Reviewed: Sierra Nevada Summerfest
Product description: Since their invention in the 1840s, Pilsener-style beers have become the world’s most popular style. With a nod toward the original Czech tradition, Summerfest is brewed to feature the best of Bohemian nature. Crisp, golden, dry and incredibly drinkable, Summerfest has a delicate and complex malt flavor and spicy and floral hop character—the perfect warm weather beer. Malts: Two-row Pale, Pilsner, Munich. Bittering Hops: Perle. Finishing Hops: Saaz, Spalter Select. 5% ABV, 28 IBUs.
Sierra Nevada Brewing Co. – Sierra Nevada Summerfest Crisp Lager – 12oz bottle served in specialty glassware – 5% ABV
It’s been a long time since I revisited Sierra Nevada’s official summer seasonal beer, Summerfest. But as we will see, Summerfest is not as much a summer beer as say Otra Vez Lime & Agave. Summerfest is an everyday beer that happens to come around only in summer (but why!?).
Sampled from a 12oz bottle packaged on 5/16/18, SN Summerfest is crystal clear straw in color with meringue-like, fluffy foam that sticks around for several minutes before collapsing. The nose begins with fresh white bread coupled with candied lemon. After a few minutes, the aroma gives you powerful lavender honey blended in with Frosted Flakes and sponge cake. It’s more involved than I expected.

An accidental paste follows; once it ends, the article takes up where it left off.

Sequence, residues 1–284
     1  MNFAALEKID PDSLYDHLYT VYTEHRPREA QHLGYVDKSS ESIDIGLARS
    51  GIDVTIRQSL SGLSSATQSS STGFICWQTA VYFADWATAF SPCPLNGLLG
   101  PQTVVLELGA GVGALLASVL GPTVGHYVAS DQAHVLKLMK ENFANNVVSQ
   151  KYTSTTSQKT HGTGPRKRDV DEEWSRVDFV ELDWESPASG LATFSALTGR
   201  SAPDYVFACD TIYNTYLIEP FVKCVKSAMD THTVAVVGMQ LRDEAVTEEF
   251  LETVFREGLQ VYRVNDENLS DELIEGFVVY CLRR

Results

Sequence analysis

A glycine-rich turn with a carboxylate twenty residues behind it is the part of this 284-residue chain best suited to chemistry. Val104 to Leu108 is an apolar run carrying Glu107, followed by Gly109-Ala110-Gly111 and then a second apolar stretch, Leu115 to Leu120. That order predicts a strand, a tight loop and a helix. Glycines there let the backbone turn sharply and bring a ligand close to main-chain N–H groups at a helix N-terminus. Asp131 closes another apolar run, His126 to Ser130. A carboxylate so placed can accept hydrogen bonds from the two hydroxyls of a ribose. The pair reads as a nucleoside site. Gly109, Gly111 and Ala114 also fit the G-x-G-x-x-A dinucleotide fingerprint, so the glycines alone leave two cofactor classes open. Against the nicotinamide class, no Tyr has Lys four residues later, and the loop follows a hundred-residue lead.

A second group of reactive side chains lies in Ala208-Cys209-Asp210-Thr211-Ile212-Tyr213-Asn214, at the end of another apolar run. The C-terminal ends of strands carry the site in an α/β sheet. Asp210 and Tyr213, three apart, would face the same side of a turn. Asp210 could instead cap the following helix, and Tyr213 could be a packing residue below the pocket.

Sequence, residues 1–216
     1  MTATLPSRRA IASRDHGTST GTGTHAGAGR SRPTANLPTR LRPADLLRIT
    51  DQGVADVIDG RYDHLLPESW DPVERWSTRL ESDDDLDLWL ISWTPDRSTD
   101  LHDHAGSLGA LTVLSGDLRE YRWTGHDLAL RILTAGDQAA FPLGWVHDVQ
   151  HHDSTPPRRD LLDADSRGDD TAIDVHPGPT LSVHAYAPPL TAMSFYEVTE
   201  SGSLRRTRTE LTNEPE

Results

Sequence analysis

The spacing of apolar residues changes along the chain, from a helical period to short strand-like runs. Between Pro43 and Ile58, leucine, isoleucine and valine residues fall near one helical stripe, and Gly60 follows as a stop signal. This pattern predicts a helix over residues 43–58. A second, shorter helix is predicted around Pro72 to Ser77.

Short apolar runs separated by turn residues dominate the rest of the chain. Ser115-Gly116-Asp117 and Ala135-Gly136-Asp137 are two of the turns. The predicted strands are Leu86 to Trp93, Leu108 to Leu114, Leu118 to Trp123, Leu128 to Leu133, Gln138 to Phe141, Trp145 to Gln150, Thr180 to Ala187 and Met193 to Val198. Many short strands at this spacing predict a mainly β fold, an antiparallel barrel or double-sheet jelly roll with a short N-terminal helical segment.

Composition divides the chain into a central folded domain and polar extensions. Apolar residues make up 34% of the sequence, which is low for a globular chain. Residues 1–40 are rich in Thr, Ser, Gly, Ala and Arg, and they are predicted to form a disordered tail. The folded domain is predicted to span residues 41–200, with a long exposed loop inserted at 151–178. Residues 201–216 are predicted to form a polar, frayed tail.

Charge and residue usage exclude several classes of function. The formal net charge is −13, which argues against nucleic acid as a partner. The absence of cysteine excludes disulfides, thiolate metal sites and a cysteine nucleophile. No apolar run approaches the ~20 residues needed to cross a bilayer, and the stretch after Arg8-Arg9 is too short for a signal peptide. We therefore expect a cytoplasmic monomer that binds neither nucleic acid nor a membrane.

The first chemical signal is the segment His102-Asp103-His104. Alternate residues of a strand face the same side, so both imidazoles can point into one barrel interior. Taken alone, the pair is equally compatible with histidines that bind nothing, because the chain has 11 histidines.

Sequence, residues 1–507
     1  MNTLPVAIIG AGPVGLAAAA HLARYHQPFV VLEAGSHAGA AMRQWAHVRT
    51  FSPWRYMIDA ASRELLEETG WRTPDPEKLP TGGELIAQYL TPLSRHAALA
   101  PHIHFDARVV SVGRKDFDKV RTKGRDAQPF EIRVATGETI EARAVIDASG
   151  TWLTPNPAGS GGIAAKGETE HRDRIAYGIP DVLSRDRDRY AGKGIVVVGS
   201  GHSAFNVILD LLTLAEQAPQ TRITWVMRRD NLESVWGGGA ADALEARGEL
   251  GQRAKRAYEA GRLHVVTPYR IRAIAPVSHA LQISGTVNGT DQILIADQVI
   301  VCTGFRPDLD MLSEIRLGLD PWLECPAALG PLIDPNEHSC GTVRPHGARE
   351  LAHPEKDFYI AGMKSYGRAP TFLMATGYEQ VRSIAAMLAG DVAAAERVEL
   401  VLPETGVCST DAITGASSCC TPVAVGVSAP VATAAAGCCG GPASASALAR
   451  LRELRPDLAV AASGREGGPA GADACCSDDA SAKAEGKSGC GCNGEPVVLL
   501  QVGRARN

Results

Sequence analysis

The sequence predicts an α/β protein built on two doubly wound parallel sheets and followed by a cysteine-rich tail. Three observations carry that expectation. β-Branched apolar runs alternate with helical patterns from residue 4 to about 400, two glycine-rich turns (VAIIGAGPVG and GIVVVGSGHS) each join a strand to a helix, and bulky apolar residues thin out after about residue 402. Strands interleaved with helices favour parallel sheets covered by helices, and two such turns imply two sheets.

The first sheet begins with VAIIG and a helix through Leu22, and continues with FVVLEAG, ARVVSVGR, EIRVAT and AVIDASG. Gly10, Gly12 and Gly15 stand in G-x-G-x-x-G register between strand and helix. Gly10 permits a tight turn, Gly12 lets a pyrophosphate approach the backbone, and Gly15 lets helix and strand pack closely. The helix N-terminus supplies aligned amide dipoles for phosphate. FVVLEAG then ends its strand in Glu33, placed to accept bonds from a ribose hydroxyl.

The flavor begins similarly in my opinion to Firestone Lager, a “new” release for this year that I recently reviewed. It’s about as simple as craft beer gets with white sugar and corn flakes moving to a salty mid-palate with moderate grassy hops for balance. The beer leans sweet and I would argue this is medium-bodied versus what most would say is a “light-bodied summer beer.” Sure, it’s a light-colored lager, but there is a fullness and malt density to the beer that deserves mention. I would peg sweetness at a 4/10 and bitterness at a 2/10. It’s not a “light beer” in a negative way nor is it light-bodied by technical means. It is rich and filling, so don’t be fooled by its looks. Clearly, this is not the aggressively bitter pilsner you would find with Victory Prima Pils. Summerfest is closer to perhaps what our grandparents were drinking when they reminisce about 1950s Coors or Budweiser. This is Czech-style, but the flavor is about as American as beers come.
Touches of paperiness around the edges in the mouthfeel match with what I found with Firestone Lager, a product of perhaps age and mishandling during distribution, but also an inevitable consequence of not having high alcohol, roasted malt, or aggressive bitterness to cover up the most minuscule flaws. Carbonation also peters out a bit too quickly for me and you don’t get as excellent a sourdough character in the finish that I found with Firestone Lager. Still, Summerfest ends up being immensely enjoyable. The mouthfeel is relatively smooth, alcohol flavors are absent, honey bread rolls are front and center with just a touch of bitterness for balance. It’s simple but also well-constructed in typical Sierra Nevada fashion.
Most of the beers we are drinking today in the U.S. fall into one of two camps: macro light lager or off-the-wall craft beer. It’s hard to find a craft brewery that is willing to go head-on with macro light lager. Some like Sierra Nevada and Firestone Walker are hoping that American palates have warmed up to the fact that the idea behind something like Budweiser isn’t bad, it’s just that Budweiser itself is bad. Can we reimagine something like Budweiser in the eyes of the craft artisan who cares about flavor over shareholder dividends? The answer is yes and Sierra Nevada’s Summerfest is that beer.